My little sister is getting married next weekend and I am absolutely bursting with excitement. She is going to be the most stunning bride and the wedding itself is going to be beyond lovely. This evening I will be preparing one of the most delectable dishes to bring with me to her bachelorette party kick-off. But first, I’m leaving the children with their Nana while I spend the day getting pampered because for the next one hundred sixty eight hours, I’m pretty much booked solid. Even though this week consists of some of the happiest events of my families lives, this kind of busy excitement can send someone with anxiety or mood disorders right into, “pass me that ativan, I’m going home,” territory. I’ve got a plan put into place that will hopefully prevent any anxiety from creeping in, panic attacks from taking over and let me enjoy all of the festivities.
In my previous blogs where I have touched on chronic and debilitating anxiety I have provided tips on how to ease it but I have never written a blog on situational anxiety before. Situational anxiety typically appears in the event where people are required to preform or address groups of people; you could call it stage fright. While I’m not really going to be preforming in front of large groups of people (I hope) I will be addressing some, some of which I haven’t seen or spoken to in years. If I’m being completely honest with all of you this idea scares me a little bit so I’ve started telling myself, “I’m not anxious, I’m excited,” and so far it’s really working. I’m using stress to my advantage and it’s giving me a real sense of control, which is a complete game changer when it comes to anxiety.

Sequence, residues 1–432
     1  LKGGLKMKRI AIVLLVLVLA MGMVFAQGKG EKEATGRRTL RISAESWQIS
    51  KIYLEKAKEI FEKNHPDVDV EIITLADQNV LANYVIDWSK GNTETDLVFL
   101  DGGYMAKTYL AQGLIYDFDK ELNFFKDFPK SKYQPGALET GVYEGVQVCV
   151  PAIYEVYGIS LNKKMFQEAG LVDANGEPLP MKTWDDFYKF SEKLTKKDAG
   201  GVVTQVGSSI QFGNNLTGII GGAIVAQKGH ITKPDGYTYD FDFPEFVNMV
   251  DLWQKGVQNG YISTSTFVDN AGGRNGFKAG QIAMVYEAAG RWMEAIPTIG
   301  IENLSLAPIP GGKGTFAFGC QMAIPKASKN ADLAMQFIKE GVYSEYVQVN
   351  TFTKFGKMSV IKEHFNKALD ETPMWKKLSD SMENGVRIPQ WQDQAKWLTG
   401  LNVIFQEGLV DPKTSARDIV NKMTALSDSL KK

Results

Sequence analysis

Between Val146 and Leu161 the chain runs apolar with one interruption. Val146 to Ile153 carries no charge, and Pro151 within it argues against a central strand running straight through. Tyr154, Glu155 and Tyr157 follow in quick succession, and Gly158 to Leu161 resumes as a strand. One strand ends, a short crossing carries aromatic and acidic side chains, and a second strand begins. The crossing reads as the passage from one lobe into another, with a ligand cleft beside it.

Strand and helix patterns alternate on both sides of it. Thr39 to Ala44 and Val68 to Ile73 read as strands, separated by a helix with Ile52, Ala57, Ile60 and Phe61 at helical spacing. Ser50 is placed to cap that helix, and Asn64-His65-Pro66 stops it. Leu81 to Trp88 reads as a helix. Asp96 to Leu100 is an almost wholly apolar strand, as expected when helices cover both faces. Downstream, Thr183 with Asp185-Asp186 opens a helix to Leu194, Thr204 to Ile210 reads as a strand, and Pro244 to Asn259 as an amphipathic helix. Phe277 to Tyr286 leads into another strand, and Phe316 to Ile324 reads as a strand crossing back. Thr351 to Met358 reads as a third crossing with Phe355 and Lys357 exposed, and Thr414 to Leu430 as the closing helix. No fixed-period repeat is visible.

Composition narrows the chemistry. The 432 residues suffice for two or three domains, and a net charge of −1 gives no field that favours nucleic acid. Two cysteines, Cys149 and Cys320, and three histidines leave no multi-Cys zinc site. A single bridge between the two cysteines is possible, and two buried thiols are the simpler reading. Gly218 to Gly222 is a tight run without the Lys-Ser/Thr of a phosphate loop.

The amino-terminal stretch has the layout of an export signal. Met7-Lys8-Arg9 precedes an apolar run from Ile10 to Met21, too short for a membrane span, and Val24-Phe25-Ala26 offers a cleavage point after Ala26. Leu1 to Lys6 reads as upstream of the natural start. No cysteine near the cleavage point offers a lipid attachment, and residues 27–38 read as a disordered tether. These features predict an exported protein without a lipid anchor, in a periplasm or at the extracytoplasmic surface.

As I said before my schedule is jam-packed but the key for me is to keep it somewhat relaxed. I really don’t work well with lists that leave no room for me to deviate from them. I make the lists and I get everything on them accomplished but if I am too painstakingly meticulous and don’t produce results when the list says I should have, I get triggered. I know my limits, I know what sets me off, and under amped up circumstances it is definitely not the time to test those.
My family is very supportive, thank goodness. My sister deserves the wedding of her dreams, and she’s going to get it. My family has put absolutely no pressure on me (I think they think I haven’t noticed this) they’re absolutely amazing. Their only requirement is that I have fun, and I’m all about the fun. This excitement leading up to the Big Day is a really good feeling, one that I have also prepared for by putting in a call to my psychiatrist and filing my script for my “mania preparedness kit” just in case.
I’m confident that everything is going to go smoothly, but am prepared for any hiccups along the way. “I’m not anxious, I’m excited,” is working in this situation, but I am packing the ativan in my clutch for safety measures.